The first step to determine compressed air cost is to quantify the flow rate of the product.  Most pneumatic equipment will have a spec sheet which you can reference to determine air consumption, but open pipe blowoffs and drilled holes won’t provide this type of information.  In those cases, or in any case where the compressed air flow is unknown or questionable, a compressed air flow meter can be used.  (We have Digital Flowmeters for use on compressed air piping, with or without data logging capability, and with serial or wireless communication.)

Step 2 – Calculate flow over time

Once the flow rate is known, it’s time to determine flow rates per day/week/month/year.  To do so, we will perform a bit of short and easy math.  What we will do, is use the known flow rate of the device, and multiply this by the total time in operation to determine daily, weekly, monthly, and annual usage rates.  For example:

A 1/8” open pipe blowoff will consume 70 SCFM.  In an 8 hour shift there are 480 minutes, resulting in a total consumption of 33,600 SCFM per 8 hour shift.

Step 3 – Determine cost

With a quantified flow rate, we can now determine the cost.  Many facilities will know the cost of their compressed air per CFM, but for those which don’t, a cost of ($0.25/1000 standard cubic feet) can be used.  This value is then multiplied by the total compressed air consumption from above, to give a quantified dollar amount to the compressed air driven device.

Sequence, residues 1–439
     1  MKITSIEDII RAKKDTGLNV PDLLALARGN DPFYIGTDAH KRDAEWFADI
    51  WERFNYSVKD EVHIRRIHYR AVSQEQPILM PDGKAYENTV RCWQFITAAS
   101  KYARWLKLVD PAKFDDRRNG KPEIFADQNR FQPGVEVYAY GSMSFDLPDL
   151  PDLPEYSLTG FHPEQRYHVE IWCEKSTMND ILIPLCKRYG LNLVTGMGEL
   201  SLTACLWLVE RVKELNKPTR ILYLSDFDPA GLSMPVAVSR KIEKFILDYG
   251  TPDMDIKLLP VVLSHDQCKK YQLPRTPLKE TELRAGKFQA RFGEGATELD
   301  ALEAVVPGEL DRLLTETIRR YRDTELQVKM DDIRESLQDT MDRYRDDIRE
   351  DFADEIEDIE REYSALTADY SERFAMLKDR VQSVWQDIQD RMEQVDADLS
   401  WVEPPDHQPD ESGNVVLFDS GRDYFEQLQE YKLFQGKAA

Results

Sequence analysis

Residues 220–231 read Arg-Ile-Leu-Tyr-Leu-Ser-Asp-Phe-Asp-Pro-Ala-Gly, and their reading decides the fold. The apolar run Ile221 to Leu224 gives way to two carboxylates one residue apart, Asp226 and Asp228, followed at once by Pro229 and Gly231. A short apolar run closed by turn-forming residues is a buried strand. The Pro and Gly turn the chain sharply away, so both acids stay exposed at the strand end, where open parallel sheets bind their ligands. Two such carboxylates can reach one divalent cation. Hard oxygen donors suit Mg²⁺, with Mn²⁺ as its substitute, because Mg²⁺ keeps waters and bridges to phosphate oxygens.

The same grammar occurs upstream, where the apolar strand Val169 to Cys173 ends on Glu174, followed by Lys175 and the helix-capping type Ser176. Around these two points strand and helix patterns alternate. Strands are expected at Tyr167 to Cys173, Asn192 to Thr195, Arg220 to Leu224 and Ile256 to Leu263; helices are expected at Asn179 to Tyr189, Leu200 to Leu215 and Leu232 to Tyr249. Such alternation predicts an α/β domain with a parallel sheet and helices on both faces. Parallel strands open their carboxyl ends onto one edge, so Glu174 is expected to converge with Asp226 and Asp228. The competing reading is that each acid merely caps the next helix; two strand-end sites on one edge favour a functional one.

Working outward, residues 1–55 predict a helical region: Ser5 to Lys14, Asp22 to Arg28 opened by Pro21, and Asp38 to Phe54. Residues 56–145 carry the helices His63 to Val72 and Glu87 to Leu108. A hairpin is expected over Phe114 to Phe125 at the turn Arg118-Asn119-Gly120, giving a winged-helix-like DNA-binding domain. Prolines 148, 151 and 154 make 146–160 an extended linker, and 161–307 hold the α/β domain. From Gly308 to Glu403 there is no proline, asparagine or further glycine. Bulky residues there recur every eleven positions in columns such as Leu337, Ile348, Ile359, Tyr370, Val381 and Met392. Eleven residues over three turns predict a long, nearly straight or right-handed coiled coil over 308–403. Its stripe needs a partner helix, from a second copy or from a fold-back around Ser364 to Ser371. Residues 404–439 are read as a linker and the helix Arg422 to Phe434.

Using the flow rate from above:

If (1) shift is run per day, 5 days per week and 52 weeks per year, this open pipe blowoff will have an annual cost of $2,184.00.

Step 4 – Compare

At this point we know the real cost of the device.  The benefit to quantifying these flow rates, is when making a comparison to an alternative such as an engineered solution.  For example, if we were to replace the open pipe blowoff reference above with an EXAIR 1010SS 1/8” NPT nozzle, the compressed air demand would drop to 13 SCFM, yielding the following flow rates and costs:

If (1) shift is run per day, 5 days per week and 52 weeks per year, this open pipe blowoff will have an annual cost of $405.60.

Comparing these two solutions on an annual basis yields a difference of $1,778.40.  This means an air savings which correlates to $1,778.40 per year – just by replacing ONE open pipe blowoff with an engineered solution.  Replacing multiple open pipe blowoffs will yield repeat savings.

The 1010SS EXAIR Micro Air Nozzle

Determining the cost of a compressed air driven device can clarify the impact of a truly engineered solution.  If you have an interest in determining the cost of the compressed air devices in your facility, contact an EXAIR Application Engineer.  We’ll be happy to help.


Lee Evans
Application Engineer